Two of the most intelligent American-born traditional Islamic scholars have provided me with the same answer, one from Sunnism and the other from Shi’ism. In the case of Sunnism, Shaykh Nuh Keller has argued in his article, “Islam and Evolution,” that there is no possibility of interpreting the Qur’anic text in a way so as to say that the creation of Adam is metaphorical. In the case of Shi’ism, Shaykh Rizwan Arastu argues a similar perspective in his book “God’s Emissaries.” It should be noted that Arastu has a BA in Evolutionary Biology from Princeton, and that Keller studied philosophy of science at the University of Chicago. So each is aware of the intellectual challenges they face in upholding the traditional doctrine of Adam’s unique creation.

But how does one actually reconcile the two stories?

If we take Cook’s book seriously, which I think we must, he makes an argument for the development of human civilization beginning really within the last 10,000 years. He states that this happened when climatic conditions became favorable for farming, and human communities discovered that they could plant and harvest certain crops with some degree of predictability. This was a major step forward, given that for many tens of thousands of years prior (he states that there are a wide range of estimates), humans lived as hunter-gatherers. So, as the well-known story goes, farming is what made civilization possible. And it is only at a certain point in the story of civilization that we get actual recorded history, starting about 5,000 years ago. According the British Museum, the oldest writing is from southern Iraq, dated approximately 3000 BCE.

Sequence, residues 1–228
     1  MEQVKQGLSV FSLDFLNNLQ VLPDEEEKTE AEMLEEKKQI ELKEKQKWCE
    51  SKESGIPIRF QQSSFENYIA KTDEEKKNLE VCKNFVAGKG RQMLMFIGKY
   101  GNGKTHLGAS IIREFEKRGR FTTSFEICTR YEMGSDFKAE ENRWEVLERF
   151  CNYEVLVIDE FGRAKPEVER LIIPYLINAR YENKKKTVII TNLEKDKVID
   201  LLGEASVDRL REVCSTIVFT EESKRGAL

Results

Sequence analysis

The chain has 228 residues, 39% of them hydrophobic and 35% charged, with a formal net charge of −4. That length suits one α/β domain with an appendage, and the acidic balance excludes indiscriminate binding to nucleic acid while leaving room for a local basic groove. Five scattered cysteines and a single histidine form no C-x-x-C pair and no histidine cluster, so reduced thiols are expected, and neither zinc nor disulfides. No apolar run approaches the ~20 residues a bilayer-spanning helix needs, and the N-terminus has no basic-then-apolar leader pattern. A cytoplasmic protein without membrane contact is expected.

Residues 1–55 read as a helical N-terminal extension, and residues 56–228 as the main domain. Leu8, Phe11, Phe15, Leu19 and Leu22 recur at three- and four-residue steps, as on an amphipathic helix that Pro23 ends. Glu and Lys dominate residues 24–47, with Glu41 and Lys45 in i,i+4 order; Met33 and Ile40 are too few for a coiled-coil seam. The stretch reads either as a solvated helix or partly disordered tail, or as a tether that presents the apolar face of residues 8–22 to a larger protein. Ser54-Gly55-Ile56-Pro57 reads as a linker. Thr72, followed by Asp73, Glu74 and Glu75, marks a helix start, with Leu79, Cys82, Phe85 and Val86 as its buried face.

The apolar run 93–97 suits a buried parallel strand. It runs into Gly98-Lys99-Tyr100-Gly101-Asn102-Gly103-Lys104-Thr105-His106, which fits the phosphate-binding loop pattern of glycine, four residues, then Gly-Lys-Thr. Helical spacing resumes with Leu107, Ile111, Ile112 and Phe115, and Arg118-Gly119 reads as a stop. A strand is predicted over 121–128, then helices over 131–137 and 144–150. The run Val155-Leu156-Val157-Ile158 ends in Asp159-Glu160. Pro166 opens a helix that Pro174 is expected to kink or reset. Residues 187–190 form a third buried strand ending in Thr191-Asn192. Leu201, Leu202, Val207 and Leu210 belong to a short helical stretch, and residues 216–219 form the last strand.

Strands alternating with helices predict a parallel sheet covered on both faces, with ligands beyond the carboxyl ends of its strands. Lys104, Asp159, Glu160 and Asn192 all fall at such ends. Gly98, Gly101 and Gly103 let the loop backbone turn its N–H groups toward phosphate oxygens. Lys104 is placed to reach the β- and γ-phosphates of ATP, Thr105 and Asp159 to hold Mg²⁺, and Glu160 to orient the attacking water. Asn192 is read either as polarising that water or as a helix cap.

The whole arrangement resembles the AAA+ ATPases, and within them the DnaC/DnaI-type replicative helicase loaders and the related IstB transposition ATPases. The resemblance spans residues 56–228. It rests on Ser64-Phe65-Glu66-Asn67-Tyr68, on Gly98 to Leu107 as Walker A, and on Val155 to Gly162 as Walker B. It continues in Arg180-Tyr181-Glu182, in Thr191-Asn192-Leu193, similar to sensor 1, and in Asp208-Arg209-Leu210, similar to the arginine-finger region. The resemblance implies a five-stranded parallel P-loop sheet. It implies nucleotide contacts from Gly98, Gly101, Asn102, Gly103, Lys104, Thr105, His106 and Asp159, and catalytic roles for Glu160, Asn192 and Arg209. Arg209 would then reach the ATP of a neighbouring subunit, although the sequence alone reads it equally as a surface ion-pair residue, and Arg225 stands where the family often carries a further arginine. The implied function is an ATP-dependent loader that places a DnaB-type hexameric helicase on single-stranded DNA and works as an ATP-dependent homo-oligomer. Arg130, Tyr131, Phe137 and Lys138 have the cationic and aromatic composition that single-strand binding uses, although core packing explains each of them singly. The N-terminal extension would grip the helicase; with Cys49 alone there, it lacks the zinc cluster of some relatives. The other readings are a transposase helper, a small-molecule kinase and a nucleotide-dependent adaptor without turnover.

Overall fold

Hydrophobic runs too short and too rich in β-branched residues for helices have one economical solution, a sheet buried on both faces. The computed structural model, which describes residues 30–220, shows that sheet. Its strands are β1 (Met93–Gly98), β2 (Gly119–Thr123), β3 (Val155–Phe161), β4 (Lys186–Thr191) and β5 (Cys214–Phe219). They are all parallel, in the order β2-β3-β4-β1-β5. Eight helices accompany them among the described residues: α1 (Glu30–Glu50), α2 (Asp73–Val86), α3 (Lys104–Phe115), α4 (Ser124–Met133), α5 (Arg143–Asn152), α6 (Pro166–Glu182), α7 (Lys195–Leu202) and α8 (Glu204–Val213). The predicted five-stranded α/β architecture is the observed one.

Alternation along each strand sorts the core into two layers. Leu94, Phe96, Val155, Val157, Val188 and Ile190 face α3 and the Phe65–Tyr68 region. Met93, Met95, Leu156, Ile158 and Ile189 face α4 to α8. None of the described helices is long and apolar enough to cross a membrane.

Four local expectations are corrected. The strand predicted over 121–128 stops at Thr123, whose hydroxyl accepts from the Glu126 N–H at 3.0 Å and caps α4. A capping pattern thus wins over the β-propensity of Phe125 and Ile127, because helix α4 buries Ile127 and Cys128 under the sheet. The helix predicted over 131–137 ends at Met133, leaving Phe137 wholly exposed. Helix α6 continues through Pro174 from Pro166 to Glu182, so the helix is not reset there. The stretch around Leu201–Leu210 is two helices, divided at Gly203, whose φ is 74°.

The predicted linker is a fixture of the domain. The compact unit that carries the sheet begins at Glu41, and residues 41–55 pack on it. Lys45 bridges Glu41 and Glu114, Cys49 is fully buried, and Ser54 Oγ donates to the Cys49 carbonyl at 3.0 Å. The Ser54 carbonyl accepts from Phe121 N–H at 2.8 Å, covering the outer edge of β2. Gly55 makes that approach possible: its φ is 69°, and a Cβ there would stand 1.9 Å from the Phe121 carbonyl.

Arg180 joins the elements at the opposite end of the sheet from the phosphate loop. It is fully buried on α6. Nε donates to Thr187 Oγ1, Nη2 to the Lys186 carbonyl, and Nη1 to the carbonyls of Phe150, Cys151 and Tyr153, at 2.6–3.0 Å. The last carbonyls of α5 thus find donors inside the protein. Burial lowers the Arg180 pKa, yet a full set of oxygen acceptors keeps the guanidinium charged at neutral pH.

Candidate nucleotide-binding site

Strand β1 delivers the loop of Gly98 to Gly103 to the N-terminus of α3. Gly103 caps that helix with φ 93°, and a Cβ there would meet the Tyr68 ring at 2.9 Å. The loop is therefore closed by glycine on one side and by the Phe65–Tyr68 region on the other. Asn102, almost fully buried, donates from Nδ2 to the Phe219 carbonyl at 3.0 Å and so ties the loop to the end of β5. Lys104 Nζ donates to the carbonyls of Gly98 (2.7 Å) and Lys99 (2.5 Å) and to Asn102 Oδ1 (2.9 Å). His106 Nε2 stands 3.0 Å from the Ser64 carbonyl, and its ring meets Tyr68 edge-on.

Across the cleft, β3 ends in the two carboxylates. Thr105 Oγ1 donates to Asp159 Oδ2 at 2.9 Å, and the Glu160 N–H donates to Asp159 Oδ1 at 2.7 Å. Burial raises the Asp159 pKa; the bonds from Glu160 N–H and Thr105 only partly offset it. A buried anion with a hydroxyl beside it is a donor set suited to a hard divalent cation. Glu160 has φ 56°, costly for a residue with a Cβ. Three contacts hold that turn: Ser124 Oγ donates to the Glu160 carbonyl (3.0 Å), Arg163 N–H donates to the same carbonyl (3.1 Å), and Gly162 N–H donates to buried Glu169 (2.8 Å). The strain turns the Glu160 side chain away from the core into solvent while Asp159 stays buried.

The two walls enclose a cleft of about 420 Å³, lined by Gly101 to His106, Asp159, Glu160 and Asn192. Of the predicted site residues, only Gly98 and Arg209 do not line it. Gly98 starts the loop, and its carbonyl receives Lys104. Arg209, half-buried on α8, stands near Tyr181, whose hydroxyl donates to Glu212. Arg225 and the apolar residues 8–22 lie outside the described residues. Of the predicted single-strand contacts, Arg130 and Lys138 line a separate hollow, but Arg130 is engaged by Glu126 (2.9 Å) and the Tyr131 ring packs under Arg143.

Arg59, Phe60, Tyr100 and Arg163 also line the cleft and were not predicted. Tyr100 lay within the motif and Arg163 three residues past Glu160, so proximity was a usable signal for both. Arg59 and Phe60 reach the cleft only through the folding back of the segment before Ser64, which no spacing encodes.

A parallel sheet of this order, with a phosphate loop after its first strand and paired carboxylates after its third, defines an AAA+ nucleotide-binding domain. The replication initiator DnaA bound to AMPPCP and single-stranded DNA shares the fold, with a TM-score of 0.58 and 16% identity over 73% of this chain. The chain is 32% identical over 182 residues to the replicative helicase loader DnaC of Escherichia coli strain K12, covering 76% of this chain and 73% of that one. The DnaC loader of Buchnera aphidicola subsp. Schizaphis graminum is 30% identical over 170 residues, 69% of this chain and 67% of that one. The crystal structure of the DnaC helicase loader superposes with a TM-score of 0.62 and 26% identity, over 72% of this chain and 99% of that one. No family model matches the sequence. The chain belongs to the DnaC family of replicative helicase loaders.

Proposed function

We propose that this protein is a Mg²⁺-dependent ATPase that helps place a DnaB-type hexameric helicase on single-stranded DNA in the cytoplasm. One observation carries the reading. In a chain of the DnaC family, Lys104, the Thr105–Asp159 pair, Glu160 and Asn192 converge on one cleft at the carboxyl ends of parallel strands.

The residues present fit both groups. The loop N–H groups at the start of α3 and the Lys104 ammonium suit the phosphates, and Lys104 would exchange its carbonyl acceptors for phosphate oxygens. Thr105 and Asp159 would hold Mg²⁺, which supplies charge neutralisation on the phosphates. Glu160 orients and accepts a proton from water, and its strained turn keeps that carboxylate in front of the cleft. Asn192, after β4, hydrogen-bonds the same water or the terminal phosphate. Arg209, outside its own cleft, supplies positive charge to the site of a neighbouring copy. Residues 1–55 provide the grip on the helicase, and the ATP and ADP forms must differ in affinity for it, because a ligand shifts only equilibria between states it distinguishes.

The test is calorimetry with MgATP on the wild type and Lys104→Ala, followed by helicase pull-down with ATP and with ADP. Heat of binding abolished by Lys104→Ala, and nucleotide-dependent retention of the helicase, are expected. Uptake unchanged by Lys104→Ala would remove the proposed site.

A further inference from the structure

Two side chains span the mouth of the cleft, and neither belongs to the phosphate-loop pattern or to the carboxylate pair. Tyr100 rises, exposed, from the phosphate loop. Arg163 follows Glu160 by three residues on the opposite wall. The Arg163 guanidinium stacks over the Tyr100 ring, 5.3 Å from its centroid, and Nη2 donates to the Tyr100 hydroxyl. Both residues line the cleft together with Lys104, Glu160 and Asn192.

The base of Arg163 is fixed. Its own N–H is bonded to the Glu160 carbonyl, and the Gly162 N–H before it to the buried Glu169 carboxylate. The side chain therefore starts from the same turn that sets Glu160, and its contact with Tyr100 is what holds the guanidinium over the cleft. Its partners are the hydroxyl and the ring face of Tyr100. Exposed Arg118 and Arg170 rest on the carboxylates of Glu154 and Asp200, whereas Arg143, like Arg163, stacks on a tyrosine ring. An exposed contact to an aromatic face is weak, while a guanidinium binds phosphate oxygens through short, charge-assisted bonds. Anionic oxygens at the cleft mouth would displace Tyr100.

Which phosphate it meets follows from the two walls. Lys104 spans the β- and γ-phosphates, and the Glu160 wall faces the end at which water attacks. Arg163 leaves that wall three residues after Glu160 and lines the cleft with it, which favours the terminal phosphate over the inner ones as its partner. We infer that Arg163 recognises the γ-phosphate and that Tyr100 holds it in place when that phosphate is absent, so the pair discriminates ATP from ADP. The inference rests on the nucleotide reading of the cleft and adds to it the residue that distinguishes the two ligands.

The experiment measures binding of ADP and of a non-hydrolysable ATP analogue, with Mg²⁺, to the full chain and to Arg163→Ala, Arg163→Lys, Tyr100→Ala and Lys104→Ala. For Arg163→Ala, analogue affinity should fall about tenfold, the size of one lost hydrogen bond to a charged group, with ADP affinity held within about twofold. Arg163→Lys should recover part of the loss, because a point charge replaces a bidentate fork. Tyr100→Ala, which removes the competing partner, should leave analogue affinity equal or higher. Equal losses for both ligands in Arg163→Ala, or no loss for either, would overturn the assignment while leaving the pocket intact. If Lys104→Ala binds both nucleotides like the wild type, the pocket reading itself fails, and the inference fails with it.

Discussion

So that establishes for us a basic framework of human history:

  • A long time ago (according to Cook, one estimate is 130,000 years ago), humans first appear in the archaeological record.
  • Approximately 10,000 years ago, farming is developed, allowing for the gradual development of civilization.
  • A milestone is reached about 5,000 years ago with the development of writing, which becomes the basis for all subsequent recorded history until 1826/7, the era of the oldest surviving photograph. This technological leap was closely followed later in the same century by devices that recorded sound and moving images, ushering in the dawn of the modern media age (of which this blog post is a tiny part of that history).